Major League Baseball
Ace in the hole: Lester pushes A's to front of MLB pack
Major League Baseball

Ace in the hole: Lester pushes A's to front of MLB pack

Published Aug. 8, 2014 3:15 p.m. ET

OAKLAND, Calif. — Jon Lester may end up being a short-term rental for Oakland's rotation, but just two starts into his tenure he already has fans in the East Bay chanting him name aloud. 

A few days after Lester stymmied the Kansas City Royals in his debut as an Athletic — on Yoenis Cespedes T-shirt Day of all days — he tossed a 122-pitch, 3-0 three-hit shutout over Minnesota to make Oakland the first MLB team with 70 wins. Lester was perfect through the first five innings and now has a Gibson-esque 1.21 ERA in his last 10 starts. His first shutout in more than a year — and only the fourth of his career — had the raucous Thursday night crowd of 22,108 chanting Lester! Lester! as he came out for the ninth inning.

This is a fan base that is dreaming of the kind of October success that has eluded the club for 25 years. If the A's hope to get to the World Series again, it'll be Lester's left arm, which helped win two titles in Boston, that does the deed. An A perhaps but for a moment; hopefully for locals a Bay Area champion for life. 

"The biggest thing is to be welcomed," Lester said after the win. "We all know what Cespedes did for this organization and how well he was liked, and the biggest thing, speaking for myself, coming over here is that you don't want to screw that up. You want to make the trade look like it had a purpose and that it was good, and you don't want to come in halfway through the year — after these guys have been battling their butts off to be in first place — and screw that up.


"From Day One, I'm just trying to fill in and go out and pitch innings as best I can."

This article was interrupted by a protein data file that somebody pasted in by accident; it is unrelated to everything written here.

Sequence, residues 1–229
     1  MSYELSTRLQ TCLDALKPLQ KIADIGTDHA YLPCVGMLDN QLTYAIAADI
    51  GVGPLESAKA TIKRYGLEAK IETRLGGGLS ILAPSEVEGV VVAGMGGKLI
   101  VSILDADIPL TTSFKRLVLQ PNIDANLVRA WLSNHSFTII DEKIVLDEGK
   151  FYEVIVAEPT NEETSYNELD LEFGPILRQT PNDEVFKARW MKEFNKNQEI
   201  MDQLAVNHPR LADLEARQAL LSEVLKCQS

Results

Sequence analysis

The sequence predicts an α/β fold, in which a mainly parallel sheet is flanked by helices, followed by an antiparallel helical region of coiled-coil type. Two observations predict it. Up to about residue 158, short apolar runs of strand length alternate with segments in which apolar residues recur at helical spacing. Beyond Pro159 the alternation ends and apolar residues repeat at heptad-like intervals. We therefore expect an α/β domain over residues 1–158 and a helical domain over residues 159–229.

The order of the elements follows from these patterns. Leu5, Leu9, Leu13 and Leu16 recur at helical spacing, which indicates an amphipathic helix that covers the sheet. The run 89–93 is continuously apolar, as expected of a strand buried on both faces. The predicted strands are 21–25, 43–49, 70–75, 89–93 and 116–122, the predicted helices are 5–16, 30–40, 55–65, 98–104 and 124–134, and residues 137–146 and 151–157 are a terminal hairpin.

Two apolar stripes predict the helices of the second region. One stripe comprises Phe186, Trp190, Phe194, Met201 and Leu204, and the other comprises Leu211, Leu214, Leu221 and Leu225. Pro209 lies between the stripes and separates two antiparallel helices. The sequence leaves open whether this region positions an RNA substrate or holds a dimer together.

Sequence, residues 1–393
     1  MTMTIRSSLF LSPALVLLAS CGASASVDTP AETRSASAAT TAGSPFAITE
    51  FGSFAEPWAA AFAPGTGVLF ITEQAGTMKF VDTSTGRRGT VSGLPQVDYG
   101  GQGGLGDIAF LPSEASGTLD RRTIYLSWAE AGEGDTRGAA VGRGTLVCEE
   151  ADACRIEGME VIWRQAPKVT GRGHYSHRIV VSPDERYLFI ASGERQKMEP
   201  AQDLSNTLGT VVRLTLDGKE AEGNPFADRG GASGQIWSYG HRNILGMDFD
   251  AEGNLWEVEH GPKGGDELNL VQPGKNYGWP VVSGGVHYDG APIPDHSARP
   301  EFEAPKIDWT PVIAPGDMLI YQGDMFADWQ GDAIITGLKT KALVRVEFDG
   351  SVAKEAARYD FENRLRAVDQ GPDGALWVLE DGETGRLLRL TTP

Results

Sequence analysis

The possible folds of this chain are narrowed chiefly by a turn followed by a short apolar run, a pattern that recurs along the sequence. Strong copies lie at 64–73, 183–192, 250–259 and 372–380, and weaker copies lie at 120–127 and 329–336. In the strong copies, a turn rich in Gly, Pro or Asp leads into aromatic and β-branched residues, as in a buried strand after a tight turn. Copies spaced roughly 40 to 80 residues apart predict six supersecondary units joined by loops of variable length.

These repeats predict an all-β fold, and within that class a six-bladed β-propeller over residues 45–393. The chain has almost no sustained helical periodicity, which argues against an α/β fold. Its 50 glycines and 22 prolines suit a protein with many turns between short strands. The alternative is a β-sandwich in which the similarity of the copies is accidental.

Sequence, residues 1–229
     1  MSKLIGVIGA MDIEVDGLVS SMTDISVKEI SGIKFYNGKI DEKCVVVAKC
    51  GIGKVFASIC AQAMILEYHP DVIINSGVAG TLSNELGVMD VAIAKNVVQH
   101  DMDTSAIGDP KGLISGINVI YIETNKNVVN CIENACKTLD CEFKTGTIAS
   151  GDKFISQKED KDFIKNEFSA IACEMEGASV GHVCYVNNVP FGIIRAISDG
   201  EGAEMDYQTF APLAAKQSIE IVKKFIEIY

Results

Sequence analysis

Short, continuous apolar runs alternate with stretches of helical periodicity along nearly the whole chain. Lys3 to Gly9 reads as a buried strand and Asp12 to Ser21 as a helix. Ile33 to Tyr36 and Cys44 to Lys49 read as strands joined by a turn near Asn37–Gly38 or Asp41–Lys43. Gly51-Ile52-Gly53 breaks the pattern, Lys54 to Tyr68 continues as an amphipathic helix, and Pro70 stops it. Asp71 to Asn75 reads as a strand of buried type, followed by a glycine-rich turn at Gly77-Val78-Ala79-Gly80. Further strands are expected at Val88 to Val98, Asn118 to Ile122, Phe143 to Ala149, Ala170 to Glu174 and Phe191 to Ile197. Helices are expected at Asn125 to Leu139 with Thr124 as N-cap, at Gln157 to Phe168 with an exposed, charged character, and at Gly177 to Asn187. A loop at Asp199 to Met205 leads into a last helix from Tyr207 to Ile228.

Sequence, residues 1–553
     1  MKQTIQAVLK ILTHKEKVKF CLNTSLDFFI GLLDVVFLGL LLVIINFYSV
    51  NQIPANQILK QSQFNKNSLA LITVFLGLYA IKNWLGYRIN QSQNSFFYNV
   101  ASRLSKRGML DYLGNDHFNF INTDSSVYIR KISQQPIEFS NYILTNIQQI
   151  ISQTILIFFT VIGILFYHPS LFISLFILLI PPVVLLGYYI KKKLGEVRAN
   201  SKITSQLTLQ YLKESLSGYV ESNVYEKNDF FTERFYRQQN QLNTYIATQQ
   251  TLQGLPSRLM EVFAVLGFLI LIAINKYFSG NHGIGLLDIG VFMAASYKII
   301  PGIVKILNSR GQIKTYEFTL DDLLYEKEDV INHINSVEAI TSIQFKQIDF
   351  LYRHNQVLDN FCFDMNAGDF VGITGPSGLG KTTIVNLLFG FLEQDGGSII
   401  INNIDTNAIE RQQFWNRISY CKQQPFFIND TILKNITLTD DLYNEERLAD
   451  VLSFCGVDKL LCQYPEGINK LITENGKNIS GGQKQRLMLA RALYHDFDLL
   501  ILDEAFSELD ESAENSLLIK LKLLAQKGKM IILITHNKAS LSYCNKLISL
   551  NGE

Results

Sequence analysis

Beyond Lester's first clean sheet since May 2013, it was a night full of arbitrary personal milestones. Manager Bob Melvin won his 800th career game a big-league manager, and John Jaso (18 at-bats), Brandon Moss (18) and Stephen Vogt (23) all snapped unsightly hitless streaks.

But the team is the thing, and Oakland, beyond having the majors' best record, also boasts a baseball-best run differential so lopsided that, despite the 70 wins to only 44 losses, the team is actually underperforming its Pythagorean W-L by five games.

Maintaining that top standing is vital to the A's playoff chances, especially as they're fending off both the Angels and Mariners. Having been knocked out the last two ALDS by the Detroit Tigers, despite having home-field advantage both times, this year feels different for Oakalnd. This year, there's a sense of momentum that is still somewhat understated. Yes, you've got real saxophones in the Coliseum crowd when Josh Reddick comes to the plate via "Careless Whisper," but the players themselves are an even-keeled bunch. These aren't the brash Boston "idiots" of 2004 or the maddeningly excellent Braves of the '90s or even the loud-mouthed Mets of the mid-'80s. This A's team, at least viewed in aggregate, is a form-fitting collection of pieces that despises friction of any sort. A roller coaster whizzing along that makes no creaks.

So while Oakland might be the Team That Everyone is Talking About, Melvin has his men in the right mindset. He's a player's manager, someone who expects to see 25 guys putting in the efforts needed each night to win.

Melvin already likes what he sees from Lester on and off the mound.

"Everybody was pulling for him. He's had an impact on those guys already," Melvin said. "You can see Sonny (Gray) talking to him. (Lester's) got a real calm way about him. He's got a lot of experience, and he's a guy who not only gives you performance, he gives you these experiences of what he's done. And he's easy to talk to.

"Having to deal with pitching his first game on Yoenis' T-shirt night shows that not only is he locked into what he's doing, he's also got a little bit of a sense of humor."

Everything is seemingly coming together in Oakland at the right time with the right pieces in place, but it's a limited-time offer. With Lester likely to be priced out of Oakland's historically frugal payroll, the A's have a window of opportunity that will shut this October regardless of how they do in the playoffs. They get one good shot at this, and then it's anyone's guess how it shakes out in the offseason.

So long as the A's see more of this Lester — calm, collected and cunning — they'll have every chance to see just how far they can go.

"Obviously, I'm excited and I'm glad I got to finish the game, but I'm not going to jump around like an imbecile out there," Lester said. "I've always been a big believer in 'act like you've done it before.' "

He still has zero World Series rings, but you can fill that personal void of his by following Erik Malinowski on Twitter at @erikmal and emailing him at


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